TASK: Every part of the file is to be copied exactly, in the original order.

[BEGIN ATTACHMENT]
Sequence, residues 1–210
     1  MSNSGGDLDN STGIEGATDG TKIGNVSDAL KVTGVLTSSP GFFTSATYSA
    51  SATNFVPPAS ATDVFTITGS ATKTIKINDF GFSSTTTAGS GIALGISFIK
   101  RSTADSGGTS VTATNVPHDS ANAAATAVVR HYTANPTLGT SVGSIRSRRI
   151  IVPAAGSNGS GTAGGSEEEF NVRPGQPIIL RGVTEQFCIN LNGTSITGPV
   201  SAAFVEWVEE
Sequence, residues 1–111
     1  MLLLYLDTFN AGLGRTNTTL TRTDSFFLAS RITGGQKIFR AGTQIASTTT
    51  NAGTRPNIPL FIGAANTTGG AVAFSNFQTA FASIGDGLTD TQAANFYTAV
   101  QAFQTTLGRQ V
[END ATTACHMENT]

Sequence, residues 1–210
     1  MSNSGGDLDN STGIEGATDG TKIGNVSDAL KVTGVLTSSP GFFTSATYSA
    51  SATNFVPPAS ATDVFTITGS ATKTIKINDF GFSSTTTAGS GIALGISFIK
   101  RSTADSGGTS VTATNVPHDS ANAAATAVVR HYTANPTLGT SVGSIRSRRI
   151  IVPAAGSNGS GTAGGSEEEF NVRPGQPIIL RGVTEQFCIN LNGTSITGPV
   201  SAAFVEWVEE
Sequence, residues 1–111
     1  MLLLYLDTFN AGLGRTNTTL TRTDSFFLAS RITGGQKIFR AGTQIASTTT
    51  NAGTRPNIPL FIGAANTTGG AVAFSNFQTA FASIGDGLTD TQAANFYTAV
   101  QAFQTTLGRQ V